The chicken looks delicious. At this point I must confess that I was running low on groceries and didn't have the cilantro at all. But I had a whole chicken and decided to do an Indian village favourite, a whole chicken basted with just mustard oil and red pepper flakes. I added lime and a garlic head cut through the middle in the cavity and a bay leaf and a few thyme sprigs under the skin. I remember it used to taste delicious. And I just pulled my chicken out and set it for resting while the peppers, potatoes and onions cook. The chicken smells divine. And you are still invited to dinner, Dawn.
  • Dawn T Rouxbe Staff
    Dawn T
    Thanks Swati, your recipe sounds really nice. You should enter it in the "Test Kitchen" I would make it for sure. http://rouxbe.com/recipes/text Enjoy your dinner :-)
  • Charmian C
    Charmian C
    I made this tonight and my husband loved it. His only complaint was he wanted more of the cilantro sauce. I cooked a bigger than average chicken that took ALL the sauce, so there was nothing left. Next time, I think I'll try this with chicken thighs to up the ratio of sauce to meat. My butcher sells chicken thighs so big they take about 75 minutes to cook. I think the sauce will have enough time to work it's magic. Do you?
  • Joe G Rouxbe Staff
    Joe G
    Glad you liked the Chicken Charmian... Extending this stock is easy. All you have to do is double up on the stock at the beginning if you want more in the end. This sauce is really just a reduced dark chicken stock flavored (or enriched) by the drippings from the chicken, the cilantro paste and the garlic & lemon from inside the chicken. So don't be afraid to add some additional dark chicken stock in the end to add to the volume. It would also work great for thighs, breasts, legs, etc...no problem.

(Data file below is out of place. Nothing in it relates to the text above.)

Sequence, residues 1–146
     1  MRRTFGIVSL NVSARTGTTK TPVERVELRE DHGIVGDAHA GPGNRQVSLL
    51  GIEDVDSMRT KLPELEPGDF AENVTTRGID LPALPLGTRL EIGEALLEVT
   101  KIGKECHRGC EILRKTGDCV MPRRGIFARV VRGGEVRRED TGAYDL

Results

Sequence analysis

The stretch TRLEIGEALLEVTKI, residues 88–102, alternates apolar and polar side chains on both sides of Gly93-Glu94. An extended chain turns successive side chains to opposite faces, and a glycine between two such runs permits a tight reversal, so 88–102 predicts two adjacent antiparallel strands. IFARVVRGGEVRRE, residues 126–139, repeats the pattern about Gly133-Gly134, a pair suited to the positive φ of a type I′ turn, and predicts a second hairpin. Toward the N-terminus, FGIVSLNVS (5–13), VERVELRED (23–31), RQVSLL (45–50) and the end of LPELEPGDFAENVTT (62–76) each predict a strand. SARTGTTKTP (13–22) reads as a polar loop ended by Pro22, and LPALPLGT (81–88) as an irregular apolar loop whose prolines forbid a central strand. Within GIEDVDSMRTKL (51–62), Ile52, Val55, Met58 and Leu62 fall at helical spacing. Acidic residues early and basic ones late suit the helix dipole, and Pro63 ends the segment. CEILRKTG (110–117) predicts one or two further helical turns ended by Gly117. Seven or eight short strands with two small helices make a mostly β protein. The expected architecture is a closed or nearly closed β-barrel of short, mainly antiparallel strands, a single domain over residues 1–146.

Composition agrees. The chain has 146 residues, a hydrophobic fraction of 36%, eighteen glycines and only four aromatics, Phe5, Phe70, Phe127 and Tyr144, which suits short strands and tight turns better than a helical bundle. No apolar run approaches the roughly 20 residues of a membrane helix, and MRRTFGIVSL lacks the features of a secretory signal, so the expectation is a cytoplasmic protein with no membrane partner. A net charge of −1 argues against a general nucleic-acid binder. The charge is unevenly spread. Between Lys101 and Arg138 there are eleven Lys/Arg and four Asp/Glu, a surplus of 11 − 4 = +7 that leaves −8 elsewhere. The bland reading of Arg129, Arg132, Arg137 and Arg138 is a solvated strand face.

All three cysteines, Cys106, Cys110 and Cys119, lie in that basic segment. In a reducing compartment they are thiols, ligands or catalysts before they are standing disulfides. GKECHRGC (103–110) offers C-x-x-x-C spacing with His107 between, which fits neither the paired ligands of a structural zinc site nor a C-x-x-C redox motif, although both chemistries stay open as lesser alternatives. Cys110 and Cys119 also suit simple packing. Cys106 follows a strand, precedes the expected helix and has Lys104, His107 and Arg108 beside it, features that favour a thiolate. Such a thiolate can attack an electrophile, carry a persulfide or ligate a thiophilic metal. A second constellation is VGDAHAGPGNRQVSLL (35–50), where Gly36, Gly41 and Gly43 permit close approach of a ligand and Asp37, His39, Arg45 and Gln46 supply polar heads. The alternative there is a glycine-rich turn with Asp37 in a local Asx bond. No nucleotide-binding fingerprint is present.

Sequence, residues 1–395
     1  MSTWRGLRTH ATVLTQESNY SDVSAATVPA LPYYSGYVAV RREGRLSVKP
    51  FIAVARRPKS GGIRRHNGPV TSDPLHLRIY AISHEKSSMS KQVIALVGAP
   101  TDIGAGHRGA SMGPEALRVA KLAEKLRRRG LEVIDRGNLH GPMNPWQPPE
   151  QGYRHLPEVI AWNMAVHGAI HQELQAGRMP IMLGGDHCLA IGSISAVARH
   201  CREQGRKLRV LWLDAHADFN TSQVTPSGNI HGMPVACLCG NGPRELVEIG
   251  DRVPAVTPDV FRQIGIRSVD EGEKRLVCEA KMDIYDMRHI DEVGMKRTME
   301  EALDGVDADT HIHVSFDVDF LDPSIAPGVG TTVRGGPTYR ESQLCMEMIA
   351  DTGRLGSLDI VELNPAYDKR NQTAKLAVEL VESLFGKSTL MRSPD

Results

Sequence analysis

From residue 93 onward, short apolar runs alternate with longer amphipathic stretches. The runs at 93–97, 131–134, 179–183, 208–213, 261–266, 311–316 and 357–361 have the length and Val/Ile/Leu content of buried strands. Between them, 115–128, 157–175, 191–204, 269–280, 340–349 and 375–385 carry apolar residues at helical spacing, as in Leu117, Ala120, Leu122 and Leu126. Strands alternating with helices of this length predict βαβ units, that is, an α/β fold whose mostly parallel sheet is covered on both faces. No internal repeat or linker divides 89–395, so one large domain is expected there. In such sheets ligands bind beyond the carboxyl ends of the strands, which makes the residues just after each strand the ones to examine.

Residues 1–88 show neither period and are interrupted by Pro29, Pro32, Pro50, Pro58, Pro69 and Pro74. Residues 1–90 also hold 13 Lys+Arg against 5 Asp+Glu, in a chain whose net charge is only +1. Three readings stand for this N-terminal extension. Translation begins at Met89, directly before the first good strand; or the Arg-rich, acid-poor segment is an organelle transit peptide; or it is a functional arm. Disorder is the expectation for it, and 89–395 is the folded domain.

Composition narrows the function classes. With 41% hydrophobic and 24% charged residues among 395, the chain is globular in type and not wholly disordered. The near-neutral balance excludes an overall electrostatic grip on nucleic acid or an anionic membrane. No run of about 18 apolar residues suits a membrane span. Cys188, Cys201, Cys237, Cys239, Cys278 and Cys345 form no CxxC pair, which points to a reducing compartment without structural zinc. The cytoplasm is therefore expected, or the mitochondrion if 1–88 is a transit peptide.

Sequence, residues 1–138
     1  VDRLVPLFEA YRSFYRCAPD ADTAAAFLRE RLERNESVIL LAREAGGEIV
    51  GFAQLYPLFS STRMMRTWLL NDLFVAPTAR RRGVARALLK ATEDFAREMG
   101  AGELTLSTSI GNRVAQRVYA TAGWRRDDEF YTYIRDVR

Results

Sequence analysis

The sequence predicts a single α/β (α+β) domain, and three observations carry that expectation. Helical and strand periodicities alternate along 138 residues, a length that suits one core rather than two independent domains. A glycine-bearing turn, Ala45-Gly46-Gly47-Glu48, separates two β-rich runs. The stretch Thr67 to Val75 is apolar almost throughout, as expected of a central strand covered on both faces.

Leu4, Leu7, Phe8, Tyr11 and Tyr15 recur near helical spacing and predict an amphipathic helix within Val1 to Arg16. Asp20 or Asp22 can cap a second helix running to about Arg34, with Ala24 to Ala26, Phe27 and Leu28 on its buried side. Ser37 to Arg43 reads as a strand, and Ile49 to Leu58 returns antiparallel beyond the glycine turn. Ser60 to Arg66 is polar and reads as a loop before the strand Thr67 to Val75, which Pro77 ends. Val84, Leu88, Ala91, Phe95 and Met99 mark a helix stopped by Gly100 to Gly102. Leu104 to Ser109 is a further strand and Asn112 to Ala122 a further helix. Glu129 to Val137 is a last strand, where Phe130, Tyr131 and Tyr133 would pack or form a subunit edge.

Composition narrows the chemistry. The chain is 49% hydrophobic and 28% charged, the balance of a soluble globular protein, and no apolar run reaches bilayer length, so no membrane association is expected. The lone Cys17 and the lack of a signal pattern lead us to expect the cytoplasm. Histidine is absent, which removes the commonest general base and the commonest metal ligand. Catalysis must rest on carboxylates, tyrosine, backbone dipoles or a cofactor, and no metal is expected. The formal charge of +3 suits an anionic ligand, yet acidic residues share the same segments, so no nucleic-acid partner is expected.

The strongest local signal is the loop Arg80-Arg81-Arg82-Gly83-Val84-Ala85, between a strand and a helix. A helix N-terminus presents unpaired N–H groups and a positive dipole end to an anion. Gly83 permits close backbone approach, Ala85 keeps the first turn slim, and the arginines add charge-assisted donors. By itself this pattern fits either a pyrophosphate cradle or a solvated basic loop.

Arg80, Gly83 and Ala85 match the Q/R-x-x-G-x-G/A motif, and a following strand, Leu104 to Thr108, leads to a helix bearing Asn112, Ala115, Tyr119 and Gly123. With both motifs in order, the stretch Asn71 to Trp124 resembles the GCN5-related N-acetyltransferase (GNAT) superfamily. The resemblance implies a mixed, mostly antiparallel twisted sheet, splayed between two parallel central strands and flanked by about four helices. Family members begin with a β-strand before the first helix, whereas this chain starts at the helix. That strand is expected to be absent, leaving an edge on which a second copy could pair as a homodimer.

• Swati B
    Swati B
    I made this chicken tonight. It was incredibly moist, even the breast meat. So moist, in fact, that I was worried whether or not the meat was properly done. I tested for donness by cutting through where the leg and breast met as indicated in the video recipe. My chicken seemed done. But after dinner when I shredded the leftover meat to store for soups and chicken salad, the carcass underneath was still pink in some parts. Is this normal?
  • Joe G Rouxbe Staff
    Joe G
    Unless you really overcook a bird, you will often find a few pieces of meat very close the bone that might have some residual pinkness. Not too much to worry about especially if the meat you ate was fully cooked (with no pinkness). Another testing tip when checking the thigh meat for doneness, is to make sure to pull the leg right back to expose the joint where the leg meets the carcass. It should pull away from the joint quite easily. If there is still a lot of resistance, then it is not cooked right to the bone. You can see it best in this video for "How to carve poultry". Note the second leg how easily it pulls from the main carcass. Don't worry about it too much. I'd suggest quickly re-heating the chicken in the soup or poaching it quickly in stock to bring the meat back up to a safe temperature before eating the leftovers (above 160 degrees or until the pinkness has gone away). By the way, even for cold salads, I often poach left over chicken pieces to warm them as the poaching process really makes the meat tender and moist after sitting in the fridge.